Nearly 200 historical accounts have been examined and analysed in order to determine the effects of the magnitude 8+ 1855 Wairarapa, New Zealand, earthquake. Quite the same Wikipedia. The documents examined include contemporary diaries, letters and journals, newspaper reports and articles, archives, memoranda and reports of the Wellington Provincial Government as well as later reminiscences, extracts from … The largest recorded earthquake to have hit New Zealand rocked Wellington and the Wairarapa at 9:11pm, on 23 January 1855. Rupture along the Wairarapa Fault and Wharekauhau thrust was responsible for the 1855 Wairarapa earthquake, there is also evidence from trenching that the rupture continued onto the Alfredton Fault. On 23 Jan 1855 a magnitude 8.2 earthquake struck here, killing between 5-9 people in the Wairarapa and Wellington. Read more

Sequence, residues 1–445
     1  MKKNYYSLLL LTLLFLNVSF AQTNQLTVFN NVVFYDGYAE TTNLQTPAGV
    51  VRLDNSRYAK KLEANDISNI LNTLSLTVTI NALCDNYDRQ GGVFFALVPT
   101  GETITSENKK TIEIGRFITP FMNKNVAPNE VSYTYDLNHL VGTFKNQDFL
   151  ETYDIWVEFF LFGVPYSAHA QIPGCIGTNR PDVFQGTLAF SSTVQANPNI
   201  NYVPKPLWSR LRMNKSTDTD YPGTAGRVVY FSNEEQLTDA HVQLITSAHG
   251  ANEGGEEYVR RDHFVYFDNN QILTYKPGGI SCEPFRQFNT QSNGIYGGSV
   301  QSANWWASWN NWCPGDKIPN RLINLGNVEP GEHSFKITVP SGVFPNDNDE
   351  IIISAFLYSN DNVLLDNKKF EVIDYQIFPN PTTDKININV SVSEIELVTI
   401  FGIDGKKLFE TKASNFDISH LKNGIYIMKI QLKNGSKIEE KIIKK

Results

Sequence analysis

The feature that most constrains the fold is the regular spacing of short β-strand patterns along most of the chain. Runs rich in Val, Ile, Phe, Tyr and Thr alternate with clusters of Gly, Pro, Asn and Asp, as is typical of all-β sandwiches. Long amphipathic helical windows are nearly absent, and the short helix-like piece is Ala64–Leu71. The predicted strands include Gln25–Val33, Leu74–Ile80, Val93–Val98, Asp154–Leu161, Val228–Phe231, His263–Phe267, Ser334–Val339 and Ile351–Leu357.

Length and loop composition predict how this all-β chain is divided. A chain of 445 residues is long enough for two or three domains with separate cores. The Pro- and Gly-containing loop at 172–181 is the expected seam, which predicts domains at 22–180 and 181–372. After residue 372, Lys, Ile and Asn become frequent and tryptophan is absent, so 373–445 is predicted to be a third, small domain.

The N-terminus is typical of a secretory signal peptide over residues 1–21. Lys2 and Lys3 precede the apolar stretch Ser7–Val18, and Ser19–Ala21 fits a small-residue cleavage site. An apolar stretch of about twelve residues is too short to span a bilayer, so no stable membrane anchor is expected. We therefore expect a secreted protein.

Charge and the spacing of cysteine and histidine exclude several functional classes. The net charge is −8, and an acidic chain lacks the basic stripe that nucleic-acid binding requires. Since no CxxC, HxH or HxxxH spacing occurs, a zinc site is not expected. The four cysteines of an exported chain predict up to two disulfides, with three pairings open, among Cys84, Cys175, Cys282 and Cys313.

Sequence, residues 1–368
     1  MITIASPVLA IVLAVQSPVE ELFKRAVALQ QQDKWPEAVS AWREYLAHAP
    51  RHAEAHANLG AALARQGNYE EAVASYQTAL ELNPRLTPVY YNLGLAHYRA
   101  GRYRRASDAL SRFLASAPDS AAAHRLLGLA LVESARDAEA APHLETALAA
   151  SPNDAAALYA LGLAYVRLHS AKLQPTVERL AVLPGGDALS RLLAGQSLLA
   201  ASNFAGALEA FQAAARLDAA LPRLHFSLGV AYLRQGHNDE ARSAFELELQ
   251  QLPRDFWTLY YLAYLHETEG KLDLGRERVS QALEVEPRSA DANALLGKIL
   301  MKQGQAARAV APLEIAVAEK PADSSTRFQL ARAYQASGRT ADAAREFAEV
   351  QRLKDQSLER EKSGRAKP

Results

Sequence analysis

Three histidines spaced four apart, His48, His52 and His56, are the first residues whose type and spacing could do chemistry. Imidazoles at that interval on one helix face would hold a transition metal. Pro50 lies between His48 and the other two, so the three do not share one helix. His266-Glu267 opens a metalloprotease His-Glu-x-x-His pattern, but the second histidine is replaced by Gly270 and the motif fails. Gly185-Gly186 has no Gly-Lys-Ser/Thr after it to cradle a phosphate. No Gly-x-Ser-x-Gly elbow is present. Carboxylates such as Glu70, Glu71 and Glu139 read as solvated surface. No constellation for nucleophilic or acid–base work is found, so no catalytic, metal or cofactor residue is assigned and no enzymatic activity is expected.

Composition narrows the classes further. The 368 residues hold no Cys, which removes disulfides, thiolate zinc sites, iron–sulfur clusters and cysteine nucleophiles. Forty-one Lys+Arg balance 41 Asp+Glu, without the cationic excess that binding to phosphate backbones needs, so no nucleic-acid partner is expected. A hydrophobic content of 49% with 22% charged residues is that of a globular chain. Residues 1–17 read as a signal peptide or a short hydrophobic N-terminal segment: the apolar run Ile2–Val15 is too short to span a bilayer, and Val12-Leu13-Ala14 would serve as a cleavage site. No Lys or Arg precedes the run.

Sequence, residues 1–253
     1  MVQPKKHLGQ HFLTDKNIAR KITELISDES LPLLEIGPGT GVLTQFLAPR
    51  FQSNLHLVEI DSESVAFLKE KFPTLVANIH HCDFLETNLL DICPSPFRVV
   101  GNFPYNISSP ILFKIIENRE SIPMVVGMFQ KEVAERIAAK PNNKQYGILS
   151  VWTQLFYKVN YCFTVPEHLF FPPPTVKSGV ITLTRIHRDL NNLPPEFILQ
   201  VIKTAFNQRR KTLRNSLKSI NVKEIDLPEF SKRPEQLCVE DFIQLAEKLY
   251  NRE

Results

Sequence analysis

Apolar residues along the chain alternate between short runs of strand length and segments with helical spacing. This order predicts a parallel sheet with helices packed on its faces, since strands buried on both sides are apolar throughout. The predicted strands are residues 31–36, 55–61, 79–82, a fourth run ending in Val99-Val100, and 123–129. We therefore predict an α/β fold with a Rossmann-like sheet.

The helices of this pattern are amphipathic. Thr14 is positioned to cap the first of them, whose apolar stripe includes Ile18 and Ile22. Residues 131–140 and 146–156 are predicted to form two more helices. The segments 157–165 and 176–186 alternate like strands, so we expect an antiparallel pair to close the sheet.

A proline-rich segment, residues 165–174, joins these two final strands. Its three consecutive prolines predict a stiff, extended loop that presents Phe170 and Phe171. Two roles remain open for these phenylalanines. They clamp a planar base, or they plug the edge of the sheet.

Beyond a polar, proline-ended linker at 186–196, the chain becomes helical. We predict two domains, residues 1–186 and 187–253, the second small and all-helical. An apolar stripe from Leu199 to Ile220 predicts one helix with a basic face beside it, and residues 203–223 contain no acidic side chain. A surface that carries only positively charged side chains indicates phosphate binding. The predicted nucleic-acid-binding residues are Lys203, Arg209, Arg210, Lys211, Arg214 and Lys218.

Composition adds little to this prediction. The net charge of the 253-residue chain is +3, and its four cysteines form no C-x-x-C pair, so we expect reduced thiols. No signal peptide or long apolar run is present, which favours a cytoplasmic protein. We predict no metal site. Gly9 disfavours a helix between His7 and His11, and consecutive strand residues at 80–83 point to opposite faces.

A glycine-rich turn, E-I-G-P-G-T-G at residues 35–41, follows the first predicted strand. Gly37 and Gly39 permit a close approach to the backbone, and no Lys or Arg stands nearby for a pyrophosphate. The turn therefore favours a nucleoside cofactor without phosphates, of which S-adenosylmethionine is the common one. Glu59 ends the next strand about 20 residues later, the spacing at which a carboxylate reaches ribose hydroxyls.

23 January 1855. Just better. The uplifted beach ridges of Turakirae Head provide a proxy record of prehistoric earthquakes. The violent shake was felt as far away as Canterbury. The 1855 Wairarapa Earthquake Symposium 150 years of thinking about magnitude 8+ earthquakes and seismic hazard in New Zealand 8–10 September 2005 Museum of New Zealand Te Papa Tongarewa Proceedings Volume Compiled by John Townend, Rob Langridge, and Andrew Jones . Wairarapa (magnitude 8.2): This is the most powerful recorded earthquake in New Zealand and resulted from movement at least 140 kilometres along the Wairarapa Fault, on the eastern edge of the Rimutaka Range. The earthquake measured 8.2 on the Richter scale and was centred in the south-west Wairarapa along the Wairarapa Fault, about 25 kilometres from Wellington. 1855 Wairarapa earthquake.